I persuade him up to bed by letting him choose a couple of toys to play with in his cot with his favourite stuffed animal. I usually hear him chatting for about 20 mins before he passes out which by that time is more like 2.30 ... which then of course impacts his evening bedtime. The only upside is that now instead of waking up at 6.30am he now wakes at 7.15am which is great.

Today I woke him after an hour, so I am going to see if this will work to try and get him back on track, but he ended up still wanting to play until later than his normal bed time.

Aarrgghhh! I had really hoped that he would keep this nap for at least another 6-12 months. I am expecting our second baby in January.

I haven't exactly started potty training but DS has started asking to use the potty fairly regularly now ... I am trying to build myself up to potty training ... I am worried about DS reverting to nappies as soon as the new baby arrives. Plus I wanted to move him into a new bed ... so many changes!

Snowtiger Wed 04-Nov-09 16:13:19

Happybump I'm in exactly the same situation, give or a take a couple of months - number 2 is due in April and DS has started showing interest in potty but isn't yet at the stage that I feel he's ready to be properly potty trained. He'll be moving into a big bed and new bedroom around Christmas which I hope will give him plenty of time to adjust to it before number 2 arrives.

He's also able to do without a nap some days and I dread the prospect of having him up all day and me not getting a break at all! But on the days when he doesn't nap (which isn't often, because I don't let it happen if I can help it!) he passes out at 6:30pm so at least I don't have the bedtime issues. It's a bit of a rock and a hard place isn't it.

Last night I put him back to bed 4 times with no speech / attention and he then went to sleep which was a result.

I forgot to mention, he has a particular trick up his sleeve. The moment you put him to bed he then forces out a poo so you have to change him (therefore getting attention). Last night he did that, I changed him, put him back to bed and he then did another one, then came and found me and said "Mummy, another poo!" so I had to change him again.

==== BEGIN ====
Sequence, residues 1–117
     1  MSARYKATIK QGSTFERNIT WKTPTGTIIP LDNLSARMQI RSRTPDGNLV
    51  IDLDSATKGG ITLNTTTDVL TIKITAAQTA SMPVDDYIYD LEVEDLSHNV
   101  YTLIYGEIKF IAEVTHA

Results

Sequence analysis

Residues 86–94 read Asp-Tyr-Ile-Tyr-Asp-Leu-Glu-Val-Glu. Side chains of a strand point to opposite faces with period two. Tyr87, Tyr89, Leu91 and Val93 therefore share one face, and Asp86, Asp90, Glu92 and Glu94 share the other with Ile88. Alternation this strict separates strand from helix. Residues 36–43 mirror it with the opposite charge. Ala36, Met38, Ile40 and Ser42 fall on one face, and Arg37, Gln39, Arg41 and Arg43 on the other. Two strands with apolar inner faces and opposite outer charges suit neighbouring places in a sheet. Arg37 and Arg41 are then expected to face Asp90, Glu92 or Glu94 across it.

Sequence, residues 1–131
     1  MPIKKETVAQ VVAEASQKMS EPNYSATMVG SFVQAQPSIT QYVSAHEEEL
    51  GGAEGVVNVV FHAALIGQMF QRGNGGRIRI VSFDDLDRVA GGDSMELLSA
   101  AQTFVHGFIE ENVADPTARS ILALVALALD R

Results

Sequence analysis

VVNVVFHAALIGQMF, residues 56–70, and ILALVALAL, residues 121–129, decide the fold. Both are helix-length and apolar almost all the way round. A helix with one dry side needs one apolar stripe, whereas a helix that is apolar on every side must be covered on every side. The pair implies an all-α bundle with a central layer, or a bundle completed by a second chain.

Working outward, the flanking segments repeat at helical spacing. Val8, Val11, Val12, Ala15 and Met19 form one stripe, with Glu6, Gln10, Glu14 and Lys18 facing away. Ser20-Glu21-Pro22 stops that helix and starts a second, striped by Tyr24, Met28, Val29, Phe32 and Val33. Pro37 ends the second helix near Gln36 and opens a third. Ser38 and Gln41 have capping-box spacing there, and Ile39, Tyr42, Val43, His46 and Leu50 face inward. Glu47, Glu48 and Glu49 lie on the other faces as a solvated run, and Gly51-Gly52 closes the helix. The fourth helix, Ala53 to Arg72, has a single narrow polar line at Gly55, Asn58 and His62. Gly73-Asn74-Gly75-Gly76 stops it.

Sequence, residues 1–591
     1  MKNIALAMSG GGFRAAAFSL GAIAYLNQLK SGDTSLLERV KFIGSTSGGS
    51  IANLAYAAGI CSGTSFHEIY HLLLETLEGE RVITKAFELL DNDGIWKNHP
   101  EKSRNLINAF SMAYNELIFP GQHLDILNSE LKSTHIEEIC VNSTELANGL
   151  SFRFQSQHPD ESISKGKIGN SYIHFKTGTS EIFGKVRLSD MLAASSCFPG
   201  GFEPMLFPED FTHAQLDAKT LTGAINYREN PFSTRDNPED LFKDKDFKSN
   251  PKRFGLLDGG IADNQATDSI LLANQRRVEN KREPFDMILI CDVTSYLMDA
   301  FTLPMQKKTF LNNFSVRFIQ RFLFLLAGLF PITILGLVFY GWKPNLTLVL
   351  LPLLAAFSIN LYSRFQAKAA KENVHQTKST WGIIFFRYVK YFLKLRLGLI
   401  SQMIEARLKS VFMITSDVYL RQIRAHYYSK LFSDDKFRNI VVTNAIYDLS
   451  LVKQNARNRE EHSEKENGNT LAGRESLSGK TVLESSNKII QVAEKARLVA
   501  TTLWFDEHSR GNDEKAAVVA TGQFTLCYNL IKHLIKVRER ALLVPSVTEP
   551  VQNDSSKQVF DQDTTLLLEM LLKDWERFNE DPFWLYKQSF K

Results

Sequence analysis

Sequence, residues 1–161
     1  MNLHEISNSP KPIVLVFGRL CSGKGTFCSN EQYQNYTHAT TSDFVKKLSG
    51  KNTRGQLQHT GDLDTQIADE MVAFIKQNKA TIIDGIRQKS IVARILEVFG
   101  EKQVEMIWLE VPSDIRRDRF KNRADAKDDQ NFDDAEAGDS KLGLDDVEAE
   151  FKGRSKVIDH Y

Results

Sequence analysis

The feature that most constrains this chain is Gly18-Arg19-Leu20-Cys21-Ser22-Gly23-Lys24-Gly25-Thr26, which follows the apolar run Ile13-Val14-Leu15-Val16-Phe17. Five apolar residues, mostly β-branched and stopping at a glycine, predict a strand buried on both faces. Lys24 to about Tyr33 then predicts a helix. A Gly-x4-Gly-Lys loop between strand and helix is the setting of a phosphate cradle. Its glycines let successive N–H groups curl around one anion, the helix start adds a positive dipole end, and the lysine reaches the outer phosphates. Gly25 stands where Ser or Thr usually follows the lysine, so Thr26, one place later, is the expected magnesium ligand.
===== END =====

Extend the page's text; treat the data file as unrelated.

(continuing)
I'm not sure what to do about this - obviously I can't ignore him, he has to be changed as I don't want him lying in poo. And I don't want to shout at him / tell him off for pooing as we've had constipation issues in the past so congratulating him for doing a poo is a must. But is there a way to encourage him to do a poo earlier in the day, or discourage him from doing it as a way to get attention when he should be going to sleep? At the moment all i can do is change him as quickly and quietly as possible and hope it's not much of a 'reward' for him.

Any ideas?

girlsyearapart Wed 04-Nov-09 19:24:04

Ha! my dd2 does the poo thing too!she's nearly 14mo. She does it if I put her to bed and cries to be picked up. I go back in every 5 mins to give her back her dummy and lie her back down if she's still crying but try not to pick her back up again. She's done it a few times now- I just bring her down change her without talking then put her back to bed. As far as I can see it's the only thing you can do..

Snowtiger Thu 05-Nov-09 14:56:52

Thanks girlsyearapart that's reassuring to know it's not just my DS who does it. Sneaky little sods poppets aren't they?!

Think you're right that a quick change with no attention is the only way to deal with it. Am happy to hear otherwise if anyone else has good ideas though....?